Touching, brave and inspired drama about what happens to a group of Vietnamese refugees when they are deposited into a makeshift tent city at Camp Pendleton. Set in 1975, the film, written and directed by Timothy Linh Bui, whose brother Tony co-wrote the story and directed the thoughtful “Three Seasons,” “Green Dragon” is another example of a great film that slipped through the cracks. You immediately appreciate Bui’s point of view, drawing us into a real experience instead of a Hollywood recreation. Like New York, there are a million stories inside the makeshift city, and while Bui is extremely selective with his focus, the central characters manage speak for everyone. Don Duong is excellent as Tai, a refugee who has arrived with his nephew, a young boy who befriends the camp cook (Forrest Whitaker), while Patrick Swayze is appropriately stern but compassionate as the camp manager. I liked this film a lot, which has the guts to use Vietnamese language with subtitles when it’s appropriate. (Columbia-TriStar)

THE SALTON SEA (R)

A wild ride from the first frame to the last, this nasty little slice of film noir came and went so fast during its theatrical run that I doubt audiences even knew it was playing. Too bad, because they missed a film that literally blows the doors off the theater, a fast-paced, quirky, dark and dirty crime drama where nothing is what it seems. Director DJ Caruso has recruited a terrific cast to tell writer Tony Gayton’s tale of a drug addicted trumpet player trying to figure out which of his two identities really belongs to him. His search takes him through a maze of eccentric, violent characters, including a rather creepy character named Pooh Bear (Vincent D’Onofrio, totally unrecognizable) who looks like he stepped out of the dungeon in “Pulp Fiction.” The closer Danny Parker/Tom Van Allen (Kilmer) gets to the truth, the worse his situation becomes. The entire cast is in tune with Caruso’s vision, while Gayton’s script is filled with numerous plot twists and vivid flashbacks. The perfect film for anyone looking for a stylish albeit violent crime thriller that actually thrills. (Warner)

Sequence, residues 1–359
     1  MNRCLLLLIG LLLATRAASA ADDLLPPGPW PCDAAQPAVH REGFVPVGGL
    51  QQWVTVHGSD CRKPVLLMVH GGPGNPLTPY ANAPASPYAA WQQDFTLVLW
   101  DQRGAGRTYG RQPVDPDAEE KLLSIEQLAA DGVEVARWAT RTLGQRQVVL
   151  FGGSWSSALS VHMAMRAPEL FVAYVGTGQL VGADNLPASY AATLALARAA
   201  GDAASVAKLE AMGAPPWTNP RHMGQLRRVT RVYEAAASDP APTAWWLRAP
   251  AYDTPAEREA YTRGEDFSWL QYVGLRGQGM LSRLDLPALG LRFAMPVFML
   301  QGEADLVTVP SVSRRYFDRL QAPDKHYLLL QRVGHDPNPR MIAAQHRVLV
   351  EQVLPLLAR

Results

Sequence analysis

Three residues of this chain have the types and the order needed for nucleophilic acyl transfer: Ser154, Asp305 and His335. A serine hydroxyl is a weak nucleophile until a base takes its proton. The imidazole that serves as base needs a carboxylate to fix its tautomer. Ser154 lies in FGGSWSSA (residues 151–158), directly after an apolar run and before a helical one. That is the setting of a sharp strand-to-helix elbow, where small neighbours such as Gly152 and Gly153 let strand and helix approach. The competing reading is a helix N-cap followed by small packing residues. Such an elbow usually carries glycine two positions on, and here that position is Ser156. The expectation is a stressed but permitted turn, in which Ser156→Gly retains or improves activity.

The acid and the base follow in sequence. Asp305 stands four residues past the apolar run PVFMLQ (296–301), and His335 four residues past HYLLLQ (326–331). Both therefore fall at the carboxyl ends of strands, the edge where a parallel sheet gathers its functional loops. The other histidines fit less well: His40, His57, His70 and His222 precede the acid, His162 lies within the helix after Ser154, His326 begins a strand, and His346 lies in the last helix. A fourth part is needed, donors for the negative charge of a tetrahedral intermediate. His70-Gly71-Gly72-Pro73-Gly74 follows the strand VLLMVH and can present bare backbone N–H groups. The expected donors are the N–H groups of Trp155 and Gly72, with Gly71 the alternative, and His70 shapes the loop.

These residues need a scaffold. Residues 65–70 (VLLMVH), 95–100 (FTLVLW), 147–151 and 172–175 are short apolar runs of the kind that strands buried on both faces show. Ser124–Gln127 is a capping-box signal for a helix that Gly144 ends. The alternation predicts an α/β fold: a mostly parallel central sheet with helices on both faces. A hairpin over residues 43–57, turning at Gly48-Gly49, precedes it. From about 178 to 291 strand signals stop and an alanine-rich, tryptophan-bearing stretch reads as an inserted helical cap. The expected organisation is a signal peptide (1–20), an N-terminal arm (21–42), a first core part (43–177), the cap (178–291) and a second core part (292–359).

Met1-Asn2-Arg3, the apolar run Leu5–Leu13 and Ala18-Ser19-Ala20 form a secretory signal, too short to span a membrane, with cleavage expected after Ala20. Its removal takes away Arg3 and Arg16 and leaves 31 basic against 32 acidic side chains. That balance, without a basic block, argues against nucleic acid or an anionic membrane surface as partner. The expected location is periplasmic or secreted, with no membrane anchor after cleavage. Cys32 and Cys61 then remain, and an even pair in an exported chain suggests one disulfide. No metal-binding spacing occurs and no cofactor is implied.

SON OF THE BRIDE (R)

This Academy Award-nominated best Foreign Language film from Argentine director Juan Jose Campanella is a warm, winning story of love and redemption. Ricardo Darin (so good in “Nine Queens”) is excellent as Rafael Belvedere, a 42 year-old-man who knows that life is passing him by. Despite taking over his parents’ restaurant and making it a success, Rafael has very little reason to celebrate. His mother, the remarkable Norma Aleandro (“Official Story”), is slipping into the ravages of Alzheimer’s. The economy sucks, and business is bad. He’s divorced, and has become a stranger to his daughter, while the latest woman in his life wants a commitment. How much can one man take, and what would it take to get him back on track? Desperate to crawl out from under his father’s shadow, Rafael agrees to help his old man throw together a church wedding for his wife, who always wanted and never got one. As Rafael struggles with his life, director Campanella never feels compelled to turn his dilemma into a soap opera. Instead, he allows us to become the fly on the wall, privately watching the characters explore their lives and emotions. You will be enchanted by the performances and appreciate the sweet nature of the story. (Columbia-TriStar)